For my portion of the HP Mini 1000 Team review, I volunteered to ‘hackintosh’ the netbook. Hackintoshing is where you get a windows/linux computer running a hacked version of the Mac OS. So, in this review I will be discussing the level of difficulty of acquiring and installing the hacked OSX, usability on the Mini 1000, and comparative look at it against real Macbooks.
To begin, I was a complete newbie to downloading this size of file, reconstructing it into a single, usable file, installing, tweaking, using terminal, etc….. So, the learning curve was pretty steep. But with the assistance of Julie, Rob, and several other helpful souls out on the Net, I was able to stumble my way through the process.
When I was researching how to make this transformation happen, all the threads would discuss the various different ‘builds’ of the hacked OSX and (for the most part) only elude to where to acquire it/them – saying that it was available at ‘the usual places’. With her MSI Wind experience, Julie pointed me in the right direction to download the 36 – 100mb pieces that the OS was chopped into. Downloading these took a long time and there were errors in several of the downloaded files. So, during this process, I had to determine which of the 36 were corrupt and replace them. Once that was done, I had to figure out how to put them together.
There are many programs out there that can do this task. I played with three, UNrarX, Split & Concat, and Stuffit Deluxe. After trying this and that with each of these applications (failing many times), I finally got Stuffit Deluxe to successfully complete the operation. What came out the other end, was a 4.4gb .iso file ready to be restored or burned to a media that the Mini can boot from.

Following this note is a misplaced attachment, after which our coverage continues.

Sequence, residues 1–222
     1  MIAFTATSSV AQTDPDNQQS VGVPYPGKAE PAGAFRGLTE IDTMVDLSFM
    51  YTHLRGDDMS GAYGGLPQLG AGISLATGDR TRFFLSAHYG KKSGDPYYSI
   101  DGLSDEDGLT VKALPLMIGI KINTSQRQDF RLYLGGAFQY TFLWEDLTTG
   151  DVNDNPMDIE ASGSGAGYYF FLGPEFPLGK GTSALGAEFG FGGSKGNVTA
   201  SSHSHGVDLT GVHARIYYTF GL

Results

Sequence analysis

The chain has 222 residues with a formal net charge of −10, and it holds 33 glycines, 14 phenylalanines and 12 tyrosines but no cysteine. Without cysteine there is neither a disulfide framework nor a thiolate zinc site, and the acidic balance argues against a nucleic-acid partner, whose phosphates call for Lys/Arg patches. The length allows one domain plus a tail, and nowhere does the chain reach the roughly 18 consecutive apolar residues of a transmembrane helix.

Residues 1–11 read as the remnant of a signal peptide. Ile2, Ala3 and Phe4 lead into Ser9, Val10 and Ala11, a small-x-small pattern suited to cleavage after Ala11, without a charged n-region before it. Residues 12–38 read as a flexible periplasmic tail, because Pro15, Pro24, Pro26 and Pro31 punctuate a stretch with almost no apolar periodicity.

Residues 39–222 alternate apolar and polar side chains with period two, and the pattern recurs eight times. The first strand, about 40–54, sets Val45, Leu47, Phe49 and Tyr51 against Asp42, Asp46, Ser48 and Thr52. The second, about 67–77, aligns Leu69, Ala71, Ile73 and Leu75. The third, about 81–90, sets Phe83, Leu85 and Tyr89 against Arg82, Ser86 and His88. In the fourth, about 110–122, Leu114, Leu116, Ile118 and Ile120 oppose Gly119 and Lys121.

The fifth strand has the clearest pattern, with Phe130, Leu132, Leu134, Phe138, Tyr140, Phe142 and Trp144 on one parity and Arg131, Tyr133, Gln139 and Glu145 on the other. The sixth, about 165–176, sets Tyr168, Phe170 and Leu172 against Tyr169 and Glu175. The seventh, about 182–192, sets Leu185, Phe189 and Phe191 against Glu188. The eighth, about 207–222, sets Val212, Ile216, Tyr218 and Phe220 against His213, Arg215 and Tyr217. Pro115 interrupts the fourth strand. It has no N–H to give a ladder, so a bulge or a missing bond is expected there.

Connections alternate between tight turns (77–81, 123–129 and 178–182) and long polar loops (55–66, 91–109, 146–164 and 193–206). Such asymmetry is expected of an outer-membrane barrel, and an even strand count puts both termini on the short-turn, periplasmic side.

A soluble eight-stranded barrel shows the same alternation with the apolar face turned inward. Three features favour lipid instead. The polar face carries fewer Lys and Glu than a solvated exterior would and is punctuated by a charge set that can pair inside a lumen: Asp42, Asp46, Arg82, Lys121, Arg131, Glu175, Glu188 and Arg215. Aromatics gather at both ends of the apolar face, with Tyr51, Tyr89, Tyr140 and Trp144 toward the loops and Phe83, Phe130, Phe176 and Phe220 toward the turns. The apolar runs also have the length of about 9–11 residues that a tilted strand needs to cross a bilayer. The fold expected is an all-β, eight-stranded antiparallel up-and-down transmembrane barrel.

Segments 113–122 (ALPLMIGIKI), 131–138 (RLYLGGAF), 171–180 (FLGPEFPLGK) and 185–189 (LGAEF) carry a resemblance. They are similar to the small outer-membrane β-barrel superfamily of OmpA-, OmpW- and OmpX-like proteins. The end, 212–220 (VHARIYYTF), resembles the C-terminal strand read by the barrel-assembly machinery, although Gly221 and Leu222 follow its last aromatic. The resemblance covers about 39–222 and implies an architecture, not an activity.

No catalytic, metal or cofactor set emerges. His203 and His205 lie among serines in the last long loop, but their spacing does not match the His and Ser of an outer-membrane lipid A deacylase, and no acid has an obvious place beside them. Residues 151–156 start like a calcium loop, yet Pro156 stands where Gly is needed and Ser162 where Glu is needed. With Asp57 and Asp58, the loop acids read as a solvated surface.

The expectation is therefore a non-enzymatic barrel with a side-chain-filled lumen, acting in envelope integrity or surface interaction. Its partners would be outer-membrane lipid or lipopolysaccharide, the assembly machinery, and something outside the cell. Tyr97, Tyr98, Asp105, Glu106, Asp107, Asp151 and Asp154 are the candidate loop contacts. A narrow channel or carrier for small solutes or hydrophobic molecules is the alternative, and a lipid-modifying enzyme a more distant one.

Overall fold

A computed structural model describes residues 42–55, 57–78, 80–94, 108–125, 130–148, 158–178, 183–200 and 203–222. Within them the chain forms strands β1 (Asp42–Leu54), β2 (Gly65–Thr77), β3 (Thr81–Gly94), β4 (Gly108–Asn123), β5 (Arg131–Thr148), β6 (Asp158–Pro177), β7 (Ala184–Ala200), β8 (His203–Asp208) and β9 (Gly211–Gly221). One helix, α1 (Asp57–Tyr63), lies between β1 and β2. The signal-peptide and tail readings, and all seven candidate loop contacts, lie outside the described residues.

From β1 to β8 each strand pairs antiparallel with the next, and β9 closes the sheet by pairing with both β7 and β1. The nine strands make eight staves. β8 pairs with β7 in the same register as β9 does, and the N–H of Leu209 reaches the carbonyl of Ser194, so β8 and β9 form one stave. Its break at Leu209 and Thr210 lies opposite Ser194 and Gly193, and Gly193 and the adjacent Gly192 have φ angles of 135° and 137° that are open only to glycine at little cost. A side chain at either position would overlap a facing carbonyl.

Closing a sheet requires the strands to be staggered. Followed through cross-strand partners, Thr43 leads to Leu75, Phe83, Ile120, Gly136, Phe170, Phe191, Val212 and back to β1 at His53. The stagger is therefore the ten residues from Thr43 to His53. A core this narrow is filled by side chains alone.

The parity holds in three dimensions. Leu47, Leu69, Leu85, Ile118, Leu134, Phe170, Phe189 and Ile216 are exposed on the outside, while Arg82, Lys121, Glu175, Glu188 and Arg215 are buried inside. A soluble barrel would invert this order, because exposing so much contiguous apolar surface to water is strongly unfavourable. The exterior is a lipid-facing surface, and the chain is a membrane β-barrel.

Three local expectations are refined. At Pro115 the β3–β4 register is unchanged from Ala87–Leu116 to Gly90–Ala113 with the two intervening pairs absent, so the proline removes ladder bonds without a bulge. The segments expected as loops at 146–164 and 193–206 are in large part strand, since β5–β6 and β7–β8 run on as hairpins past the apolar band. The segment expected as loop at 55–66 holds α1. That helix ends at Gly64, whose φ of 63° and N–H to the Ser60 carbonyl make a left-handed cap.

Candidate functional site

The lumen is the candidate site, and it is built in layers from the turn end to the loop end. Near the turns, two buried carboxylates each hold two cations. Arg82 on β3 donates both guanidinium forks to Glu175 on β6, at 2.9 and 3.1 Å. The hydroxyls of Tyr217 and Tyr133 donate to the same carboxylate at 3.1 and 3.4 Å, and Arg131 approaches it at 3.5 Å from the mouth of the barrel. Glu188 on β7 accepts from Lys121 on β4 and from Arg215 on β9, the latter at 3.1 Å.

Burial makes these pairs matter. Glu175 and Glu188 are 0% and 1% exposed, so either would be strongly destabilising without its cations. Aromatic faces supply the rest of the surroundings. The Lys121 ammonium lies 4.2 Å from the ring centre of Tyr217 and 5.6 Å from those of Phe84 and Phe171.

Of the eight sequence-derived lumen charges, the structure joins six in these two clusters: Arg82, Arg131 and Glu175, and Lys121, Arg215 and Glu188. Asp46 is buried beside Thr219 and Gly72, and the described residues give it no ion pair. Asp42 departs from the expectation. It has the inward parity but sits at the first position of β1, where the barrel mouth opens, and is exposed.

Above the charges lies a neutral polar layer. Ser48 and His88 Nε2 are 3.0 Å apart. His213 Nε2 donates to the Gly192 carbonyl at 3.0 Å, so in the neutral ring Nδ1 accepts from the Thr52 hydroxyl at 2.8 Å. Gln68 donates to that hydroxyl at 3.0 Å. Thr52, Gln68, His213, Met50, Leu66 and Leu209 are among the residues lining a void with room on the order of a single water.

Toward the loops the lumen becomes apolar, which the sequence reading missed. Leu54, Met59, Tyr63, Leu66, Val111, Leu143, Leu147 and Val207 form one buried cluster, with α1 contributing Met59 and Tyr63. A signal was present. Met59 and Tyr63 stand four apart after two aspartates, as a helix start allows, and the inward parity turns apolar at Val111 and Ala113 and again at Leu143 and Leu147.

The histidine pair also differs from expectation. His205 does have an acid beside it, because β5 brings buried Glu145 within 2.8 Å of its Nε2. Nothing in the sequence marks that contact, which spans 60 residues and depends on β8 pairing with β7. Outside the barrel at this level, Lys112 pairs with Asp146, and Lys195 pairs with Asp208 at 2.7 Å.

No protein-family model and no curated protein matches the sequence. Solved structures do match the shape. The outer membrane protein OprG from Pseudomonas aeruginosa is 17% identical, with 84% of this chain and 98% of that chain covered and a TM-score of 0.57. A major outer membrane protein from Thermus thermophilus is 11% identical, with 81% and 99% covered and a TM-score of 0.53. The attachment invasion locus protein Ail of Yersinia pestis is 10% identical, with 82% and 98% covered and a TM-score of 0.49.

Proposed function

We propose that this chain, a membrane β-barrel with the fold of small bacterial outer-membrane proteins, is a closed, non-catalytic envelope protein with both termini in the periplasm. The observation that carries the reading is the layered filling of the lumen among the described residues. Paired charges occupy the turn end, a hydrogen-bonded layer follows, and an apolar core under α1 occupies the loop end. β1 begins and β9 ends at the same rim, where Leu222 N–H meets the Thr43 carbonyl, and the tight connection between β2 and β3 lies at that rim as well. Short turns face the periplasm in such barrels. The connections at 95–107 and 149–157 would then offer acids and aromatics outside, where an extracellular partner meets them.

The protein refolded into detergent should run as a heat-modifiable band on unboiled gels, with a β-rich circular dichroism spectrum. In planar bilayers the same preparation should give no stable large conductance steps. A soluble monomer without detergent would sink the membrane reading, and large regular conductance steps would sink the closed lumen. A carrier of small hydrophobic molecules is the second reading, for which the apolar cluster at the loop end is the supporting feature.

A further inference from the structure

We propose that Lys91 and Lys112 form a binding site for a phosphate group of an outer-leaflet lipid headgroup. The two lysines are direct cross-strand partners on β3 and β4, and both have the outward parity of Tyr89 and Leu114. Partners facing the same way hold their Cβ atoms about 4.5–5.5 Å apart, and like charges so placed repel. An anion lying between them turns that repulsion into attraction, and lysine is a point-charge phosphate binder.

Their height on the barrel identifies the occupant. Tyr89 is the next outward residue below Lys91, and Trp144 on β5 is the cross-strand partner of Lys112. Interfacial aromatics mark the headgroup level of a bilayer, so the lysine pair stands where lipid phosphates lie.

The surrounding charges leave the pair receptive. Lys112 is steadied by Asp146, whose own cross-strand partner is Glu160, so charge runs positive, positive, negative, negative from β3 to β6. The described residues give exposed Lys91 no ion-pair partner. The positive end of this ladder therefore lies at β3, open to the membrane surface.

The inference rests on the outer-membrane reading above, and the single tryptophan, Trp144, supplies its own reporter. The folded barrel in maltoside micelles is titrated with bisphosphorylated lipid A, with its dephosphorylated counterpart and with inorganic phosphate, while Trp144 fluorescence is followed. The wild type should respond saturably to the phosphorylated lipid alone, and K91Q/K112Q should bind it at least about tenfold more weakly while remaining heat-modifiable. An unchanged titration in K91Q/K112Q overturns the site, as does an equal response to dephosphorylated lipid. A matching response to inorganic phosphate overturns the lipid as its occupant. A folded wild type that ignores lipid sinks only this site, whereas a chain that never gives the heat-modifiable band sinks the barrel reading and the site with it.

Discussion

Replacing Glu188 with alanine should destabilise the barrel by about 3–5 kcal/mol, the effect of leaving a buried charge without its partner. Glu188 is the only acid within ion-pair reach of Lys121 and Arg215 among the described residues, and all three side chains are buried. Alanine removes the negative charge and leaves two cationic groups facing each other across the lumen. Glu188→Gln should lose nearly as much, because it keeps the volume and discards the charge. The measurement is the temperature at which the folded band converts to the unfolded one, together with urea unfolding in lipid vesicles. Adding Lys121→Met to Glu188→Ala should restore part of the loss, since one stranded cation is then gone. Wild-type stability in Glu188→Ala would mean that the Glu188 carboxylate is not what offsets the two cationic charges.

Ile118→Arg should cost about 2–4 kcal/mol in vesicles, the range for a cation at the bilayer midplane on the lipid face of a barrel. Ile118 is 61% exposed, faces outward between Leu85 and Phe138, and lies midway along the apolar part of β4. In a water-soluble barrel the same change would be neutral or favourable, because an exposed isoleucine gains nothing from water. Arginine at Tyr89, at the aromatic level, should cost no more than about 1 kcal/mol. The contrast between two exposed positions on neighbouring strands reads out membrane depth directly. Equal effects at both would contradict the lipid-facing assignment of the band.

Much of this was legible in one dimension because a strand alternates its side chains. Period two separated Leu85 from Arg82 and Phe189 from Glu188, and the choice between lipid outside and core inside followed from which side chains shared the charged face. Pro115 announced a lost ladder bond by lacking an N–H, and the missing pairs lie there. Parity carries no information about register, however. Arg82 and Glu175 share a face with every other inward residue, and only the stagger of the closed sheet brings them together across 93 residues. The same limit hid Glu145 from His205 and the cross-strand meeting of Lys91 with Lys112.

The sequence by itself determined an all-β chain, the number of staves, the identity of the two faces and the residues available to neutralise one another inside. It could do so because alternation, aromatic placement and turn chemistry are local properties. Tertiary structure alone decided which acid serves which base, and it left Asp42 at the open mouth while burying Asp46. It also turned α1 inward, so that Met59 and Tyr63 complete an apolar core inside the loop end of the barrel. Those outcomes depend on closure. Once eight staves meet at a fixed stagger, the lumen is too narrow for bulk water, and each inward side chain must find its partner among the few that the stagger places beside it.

This is the step in the process that really slowed me down. I read in the threads that many people were installing the hacked OSX via ‘the thumb drive method’. It seemed like the easiest/simplest method to me….but let me tell you, it was far from that. I tried for DAYS to get the Mini to boot from the thumb drive. I read so many threads I lost count. I tweaked the thumb drive 50 times hoping that some little change would get the process moving forward. I was just about to give up, when I decided to try burning the iso file to a DVD and loading it onto the Mini via an external DVD drive.
Low and behold it worked like a champ. The Mini booted into the OSX installer and off I went . I cannot tell you how happy I was that it finally was working. So, during the install process, you have to choose the specific drivers necessary to get your former Windows laptop/netbook operational. But with all the threads I had read, I knew just which ones needed to be selected during the install. And about half an hour later, the Mini 1000 was transformed into a Macbook Mini. But that was not the end of the tweaking to get my Macbook Mini fully operational and for the most part, stable.